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Measuring International Trade in Services

In: International Trade in Services and Intangibles in the Era of Globalization

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  • Robert E. Lipsey

Abstract

World trade in services has recently been a little under $US2 trillion, about a quarter of world trade in goods. That ratio does not appear to have changed much in the last 50 years. For the US, exports of services have recently been over 40% and imports about 20% of exports and imports of goods, a return, for exports to the ratios of the early 1800s. Imports of services are now increasing more rapidly than exports, but not faster than goods imports. Because measures of service trade are not anchored in any observation of physical movement, they are dependent on definitions of residence. An example of that dependence and the ambiguities it creates is exports of educational services, a domestic activity that becomes an export because students are defined as foreign residents. Since many students later become US residents, the supposedly exported service never leaves the US, or returns to the US unobserved and uncounted. A particularly serious problem of measurement is the growing transfer of intangible US corporate assets to foreign affiliates of US firms, some of which use virtually no foreign factors of production. These transfers, mainly for tax saving purposes, give rise to phantom flows of services from the foreign affiliates to the US and to other countries and remove the exports from the U.S. balance of payments. They make the meaning of measures of the current balances and GDP ambiguous. One possible solution to the measurement problems would be to use measures assigning at least intangible assets to countries of ownership, rather than nominal residence.

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This chapter was published in:

  • Marshall Reinsdorf & Matthew J. Slaughter, 2009. "International Trade in Services and Intangibles in the Era of Globalization," NBER Books, National Bureau of Economic Research, Inc, number rein09-1.
    This item is provided by National Bureau of Economic Research, Inc in its series NBER Chapters with number 11605.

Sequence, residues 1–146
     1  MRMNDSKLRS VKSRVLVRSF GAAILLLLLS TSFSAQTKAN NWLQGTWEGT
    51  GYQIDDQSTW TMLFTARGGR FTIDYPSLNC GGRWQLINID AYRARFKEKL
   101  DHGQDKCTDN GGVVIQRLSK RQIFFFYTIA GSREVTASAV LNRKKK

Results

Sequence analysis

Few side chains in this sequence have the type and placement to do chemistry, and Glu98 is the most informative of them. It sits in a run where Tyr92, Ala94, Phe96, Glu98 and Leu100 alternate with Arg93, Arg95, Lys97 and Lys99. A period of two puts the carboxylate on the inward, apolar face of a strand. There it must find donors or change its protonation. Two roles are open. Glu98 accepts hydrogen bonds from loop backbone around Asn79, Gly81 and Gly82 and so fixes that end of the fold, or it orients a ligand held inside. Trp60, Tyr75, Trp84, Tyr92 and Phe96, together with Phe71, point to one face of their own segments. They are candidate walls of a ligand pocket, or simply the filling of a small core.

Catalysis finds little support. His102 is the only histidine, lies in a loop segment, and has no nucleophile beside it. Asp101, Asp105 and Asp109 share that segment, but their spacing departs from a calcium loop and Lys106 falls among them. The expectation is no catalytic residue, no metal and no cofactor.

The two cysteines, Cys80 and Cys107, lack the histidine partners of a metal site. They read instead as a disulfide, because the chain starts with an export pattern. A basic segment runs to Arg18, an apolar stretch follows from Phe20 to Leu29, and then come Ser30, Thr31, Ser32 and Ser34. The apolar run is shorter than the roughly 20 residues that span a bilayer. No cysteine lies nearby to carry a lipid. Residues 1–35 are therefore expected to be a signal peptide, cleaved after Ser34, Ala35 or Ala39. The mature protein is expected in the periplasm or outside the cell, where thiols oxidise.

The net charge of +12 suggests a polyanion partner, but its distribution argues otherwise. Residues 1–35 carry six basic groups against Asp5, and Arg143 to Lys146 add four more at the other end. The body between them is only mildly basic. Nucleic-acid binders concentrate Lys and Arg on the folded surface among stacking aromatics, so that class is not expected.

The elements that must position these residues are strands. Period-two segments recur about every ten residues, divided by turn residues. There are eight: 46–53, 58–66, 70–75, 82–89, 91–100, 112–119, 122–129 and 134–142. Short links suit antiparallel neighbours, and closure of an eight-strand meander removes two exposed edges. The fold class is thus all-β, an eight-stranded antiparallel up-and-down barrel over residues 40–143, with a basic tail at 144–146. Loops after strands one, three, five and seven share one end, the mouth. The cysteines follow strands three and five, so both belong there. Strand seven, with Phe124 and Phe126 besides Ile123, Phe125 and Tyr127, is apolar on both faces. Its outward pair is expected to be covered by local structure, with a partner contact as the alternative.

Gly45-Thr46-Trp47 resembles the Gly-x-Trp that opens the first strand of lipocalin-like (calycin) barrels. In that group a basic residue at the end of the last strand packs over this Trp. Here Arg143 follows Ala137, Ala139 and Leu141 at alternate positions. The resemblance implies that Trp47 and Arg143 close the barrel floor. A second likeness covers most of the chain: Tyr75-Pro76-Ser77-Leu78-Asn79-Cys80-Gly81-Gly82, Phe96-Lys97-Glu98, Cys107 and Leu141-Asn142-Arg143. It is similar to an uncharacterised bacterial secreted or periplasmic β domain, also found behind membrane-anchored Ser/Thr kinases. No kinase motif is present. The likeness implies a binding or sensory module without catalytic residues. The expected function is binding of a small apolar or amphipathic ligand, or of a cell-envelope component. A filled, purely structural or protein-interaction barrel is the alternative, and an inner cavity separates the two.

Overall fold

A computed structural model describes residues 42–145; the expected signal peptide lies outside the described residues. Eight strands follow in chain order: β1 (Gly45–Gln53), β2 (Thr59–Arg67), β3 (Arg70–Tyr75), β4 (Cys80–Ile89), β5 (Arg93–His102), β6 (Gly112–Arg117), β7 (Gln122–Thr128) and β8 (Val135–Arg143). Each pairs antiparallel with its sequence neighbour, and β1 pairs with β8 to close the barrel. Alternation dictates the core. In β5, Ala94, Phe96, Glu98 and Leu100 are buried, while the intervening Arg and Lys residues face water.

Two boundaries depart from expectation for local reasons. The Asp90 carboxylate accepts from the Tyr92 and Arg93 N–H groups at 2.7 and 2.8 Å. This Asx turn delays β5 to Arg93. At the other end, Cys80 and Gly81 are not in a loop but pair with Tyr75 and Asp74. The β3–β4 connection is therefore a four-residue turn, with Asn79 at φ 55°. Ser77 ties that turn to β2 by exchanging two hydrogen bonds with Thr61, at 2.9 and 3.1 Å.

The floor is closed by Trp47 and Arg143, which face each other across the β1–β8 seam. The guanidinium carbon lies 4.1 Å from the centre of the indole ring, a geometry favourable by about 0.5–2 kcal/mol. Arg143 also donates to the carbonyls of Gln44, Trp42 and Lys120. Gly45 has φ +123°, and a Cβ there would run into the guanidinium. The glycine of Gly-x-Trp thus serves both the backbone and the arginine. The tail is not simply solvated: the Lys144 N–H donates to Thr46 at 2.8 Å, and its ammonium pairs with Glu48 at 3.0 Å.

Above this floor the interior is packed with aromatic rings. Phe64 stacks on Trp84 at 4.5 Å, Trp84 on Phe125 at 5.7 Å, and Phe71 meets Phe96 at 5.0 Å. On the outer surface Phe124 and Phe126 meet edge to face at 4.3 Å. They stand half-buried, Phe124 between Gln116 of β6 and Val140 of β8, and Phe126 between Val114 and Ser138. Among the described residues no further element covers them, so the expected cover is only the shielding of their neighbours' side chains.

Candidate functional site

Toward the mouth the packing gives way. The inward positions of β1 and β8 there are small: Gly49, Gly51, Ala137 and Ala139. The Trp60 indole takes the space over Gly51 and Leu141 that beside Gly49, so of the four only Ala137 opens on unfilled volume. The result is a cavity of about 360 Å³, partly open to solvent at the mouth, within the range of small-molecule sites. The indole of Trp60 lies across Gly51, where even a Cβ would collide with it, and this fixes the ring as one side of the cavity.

Handle: RePEc:nbr:nberch:11605

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    Cited by:
    1. Tobal, Martin, 2011. "A Rationale For Evidence On Service Offshoring," University of California at San Diego, Economics Working Paper Series qt5s4056z6, Department of Economics, UC San Diego.
    2. Guilló, María Dolores & Pérez-Sebastián, Fidel, 2012. "Neoclassical Growth and the Natural Resource Curse Puzzle," QM&ET Working Papers 12-14, Universidad de Alicante, Departamento de Métodos Cuantitativos y Teoría Económica.
    3. Holger Breinlich & Chiara Criscuolo, 2008. "Service traders in the UK," LSE Research Online Documents on Economics 28512, London School of Economics and Political Science, LSE Library.
    4. Rosario Crinò, 2007. "Service Offshoring and White-Collar Employment," CESifo Working Paper Series 2040, CESifo Group Munich.
    5. Breinlich, Holger & Criscuolo, Chiara, 2011. "International trade in services: A portrait of importers and exporters," Journal of International Economics, Elsevier, vol. 84(2), pages 188-206, July.
    6. Dirk Engel & Jochen Dehio & Roland Döhrn & Ronald Janßen-Timmen & Markus Scheuer & Joel Stiebale, 2007. "Internationalisierung der IT-Dienstleister - Eine Bestandsaufnahme," RWI Materialien, Rheinisch-Westfälisches Institut für Wirtschaftsforschung, pages 72, 06.
    7. Joshua Aizenman & Ilan Noy, 2008. "Links between Trade and Finance: A Disaggregated Analysis," NBER Chapters, in: Financial Markets Volatility and Performance in Emerging Markets, pages 9-28 National Bureau of Economic Research, Inc.
    8. Emanuele Forlani, 2010. "Competition in the Service Sector and the Performances of Manufacturing Firms: Does Liberalization Matter?," CESifo Working Paper Series 2942, CESifo Group Munich.
    9. Barry Bosworth & Susan Collins & Gabriel Chodorow-Reich, . "Returns on FDI. Does the U.S. Really Do Better?," Working Paper 90801, Harvard University OpenScholar.
    10. Roe, Terry L. & Shane, Mathew & Heerman, Kari, 2011. "Macroeconomic Imbalances in the World Economy," Working Papers 109244, University of Minnesota, Center for International Food and Agricultural Policy.
    11. Rosario Crinò, 2007. "Offshoring, Multinationals and Labor Market: A Review of the Empirical Literature," KITeS Working Papers 196, KITeS, Centre for Knowledge, Internationalization and Technology Studies, Universita' Bocconi, Milano, Italy, revised Jan 2007.
    12. Stefano Federico & Enrico Tosti, 2012. "Exporters and importers of services: firm-level evidence on Italy," Temi di discussione (Economic working papers) 877, Bank of Italy, Economic Research and International Relations Area.
    13. Florence Duvivier & Carine Peeters, 2011. "The use of expatriates in the offshoring of services - Framework and research propositions," Working Papers CEB 11-059, ULB -- Universite Libre de Bruxelles.
    14. Alexandra Heath, 2007. "What explains the US net income balance?," BIS Working Papers 223, Bank for International Settlements.
    15. Koopmann, Georg & Straubhaar, Thomas, 2008. "Zur Internationalisierung des Dienstleistungssektors," HWWI Research Papers 2-13, Hamburg Institute of International Economics (HWWI).
    16. Peter Havlik & Olga Pindyuk & Roman Stöllinger, 2009. "Trade in Goods and Services between the EU and the BRICs," wiiw Research Reports 357, The Vienna Institute for International Economic Studies, wiiw.
    17. Carol A. Robbins, 2009. "Measuring Payments for the Supply and Use of Intellectual Property," NBER Chapters, in: International Trade in Services and Intangibles in the Era of Globalization, pages 139-171 National Bureau of Economic Research, Inc.

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